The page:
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Bookman gave me a new mug!

Spring may have sprung but there is not much spring happening at the moment. It looks and feels like we are stuck, neither cold nor warm. The swelling buds on the shrubs and trees have not progressed, grass is not turning green, no bulbs are yet poking their way through the mulch, it’s all rather drab, waiting. It is just as well that the plants are waiting because if they burst their buds too early they could get a nasty snowstorm surprise. But of course, the plants and the humans are getting a little impatient.

One thing I no longer have to wait for is the Friends School Plant Sale catalog. It was published online Wednesday and arrived in paper form in my mailbox on Friday. This plant sale, as some of you may know, is an event. Bookman and I have been attending every year since something like 2001 when the Friends School (the school is a grade school run by the Quakers) had the sale on the school playground under one big tent. Now it is in the grand stand building at the State Fairgrounds. Obviously it is an event for a lot of other people in the Twin Cities too.

I have gleefully gone through the catalog and marked all sorts of prospects as though I lived on acres instead of a small city parcel. In the next week or two I’ll start going through and “weeding” out the plants that are unrealistic until I have the list narrowed down to a more a reasonable size and know where each thing on the list will go. It is great good fun, kind of like when you see those lists of books to be published during the year and all your favorite authors are on them.

In the seed sprouting corner of my living room, things are going really well. I turned the heat mat off yesterday because all the seed pots have sprouted. Peppers and tomatoes are all such substantial sprouts, this last round of basil, shiso, cumin, and garden huckleberry are so tiny and delicate. The amazing thing is that these delicate little sprouts will grow, hopefully, into pretty substantial plants. I mean, the shiso we planted last year grew to be over a meter tall and had a stalk as big around as my wrist that I had to hack off at the base at the end of the season because I couldn’t pull it out of the ground. If I didn’t know any better, I’d say it was impossible that one could turn into the other.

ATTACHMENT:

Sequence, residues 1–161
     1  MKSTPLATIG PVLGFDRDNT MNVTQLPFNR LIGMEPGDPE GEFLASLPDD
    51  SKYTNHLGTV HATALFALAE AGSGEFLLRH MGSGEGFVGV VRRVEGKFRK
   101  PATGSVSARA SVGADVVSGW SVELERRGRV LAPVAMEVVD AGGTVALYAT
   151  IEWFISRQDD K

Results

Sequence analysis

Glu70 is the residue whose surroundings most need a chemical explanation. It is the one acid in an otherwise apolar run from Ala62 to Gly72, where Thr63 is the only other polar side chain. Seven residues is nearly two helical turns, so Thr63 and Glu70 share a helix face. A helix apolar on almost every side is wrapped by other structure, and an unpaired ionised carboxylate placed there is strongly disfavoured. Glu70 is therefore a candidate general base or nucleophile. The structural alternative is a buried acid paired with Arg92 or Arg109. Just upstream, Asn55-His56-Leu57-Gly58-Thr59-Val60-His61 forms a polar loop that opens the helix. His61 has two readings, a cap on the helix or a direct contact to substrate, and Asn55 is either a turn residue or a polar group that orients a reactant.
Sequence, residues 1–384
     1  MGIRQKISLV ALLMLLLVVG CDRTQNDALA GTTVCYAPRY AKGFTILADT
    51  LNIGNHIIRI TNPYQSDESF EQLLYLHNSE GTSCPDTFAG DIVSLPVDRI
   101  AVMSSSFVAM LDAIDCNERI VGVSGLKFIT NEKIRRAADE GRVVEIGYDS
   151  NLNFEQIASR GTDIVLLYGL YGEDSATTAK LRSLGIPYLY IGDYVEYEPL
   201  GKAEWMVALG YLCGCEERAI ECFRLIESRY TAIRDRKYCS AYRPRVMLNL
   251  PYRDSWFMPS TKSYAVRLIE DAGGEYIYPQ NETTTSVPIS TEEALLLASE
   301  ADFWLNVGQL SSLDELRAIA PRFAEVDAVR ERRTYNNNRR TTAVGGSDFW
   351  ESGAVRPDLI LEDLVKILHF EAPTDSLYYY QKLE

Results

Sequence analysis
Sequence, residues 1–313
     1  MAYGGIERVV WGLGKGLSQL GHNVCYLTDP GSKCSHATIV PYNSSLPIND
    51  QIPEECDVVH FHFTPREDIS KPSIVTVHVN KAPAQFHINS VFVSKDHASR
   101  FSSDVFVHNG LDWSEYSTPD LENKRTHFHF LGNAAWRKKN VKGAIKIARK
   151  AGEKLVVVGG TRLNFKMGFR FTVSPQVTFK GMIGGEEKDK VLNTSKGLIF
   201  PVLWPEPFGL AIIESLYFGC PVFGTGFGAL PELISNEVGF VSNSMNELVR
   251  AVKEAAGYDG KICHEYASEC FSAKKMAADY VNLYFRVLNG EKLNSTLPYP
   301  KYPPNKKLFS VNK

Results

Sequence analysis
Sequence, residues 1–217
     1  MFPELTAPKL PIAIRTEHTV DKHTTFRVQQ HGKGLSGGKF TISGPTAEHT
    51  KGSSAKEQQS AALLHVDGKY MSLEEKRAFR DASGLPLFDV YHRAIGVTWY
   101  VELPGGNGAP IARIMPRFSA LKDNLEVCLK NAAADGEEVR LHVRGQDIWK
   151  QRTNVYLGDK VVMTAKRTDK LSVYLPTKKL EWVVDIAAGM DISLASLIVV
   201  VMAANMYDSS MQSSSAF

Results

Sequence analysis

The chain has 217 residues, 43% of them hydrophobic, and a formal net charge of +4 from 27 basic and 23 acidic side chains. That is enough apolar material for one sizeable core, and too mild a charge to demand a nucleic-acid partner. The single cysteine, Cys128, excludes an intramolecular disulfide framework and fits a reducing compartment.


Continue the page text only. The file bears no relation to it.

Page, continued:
This week I also introduced “wind” to the sprout operation. For about an hour a day I turn a fan on low to blow across the sprouts. This facilitates them growing stout, strong stems. The only thing I will change so far for next year is getting two more lights. I thought I could get away with just two, but with everything sprouted now it is clear that four lights is preferable. But I can make due, it just involves lots of fiddling and plant rotation to ensure all the seedlings are getting enough light.

With this not cold not warm weather (which has also been grey and rather depressing), the Dashwoods have been able to spend lots of time out and about in the garden. In surveying it all today we have noticed that those chickens have the whole thing fairly well turned over. All the soil in the empty vegetable beds is loose and extremely well fertilized. The Dashwoods excel at their work, sometimes a bit too well since there are some holes in the garden that look like I have a dog who likes to dig.

Bookman and I took down some of the plastic sheeting from around the run today, just on one side away from the direction wind and rain and snow generally blow from. This will afford the Dashwoods some views outside the run once again during the day when they are enclosed. I know when I get home from work and go let them out into the garden they are wound up and take off as soon as I open the door. With the ability to see out upon the world again it will help them not be so bored. And maybe help them be a little calmer too.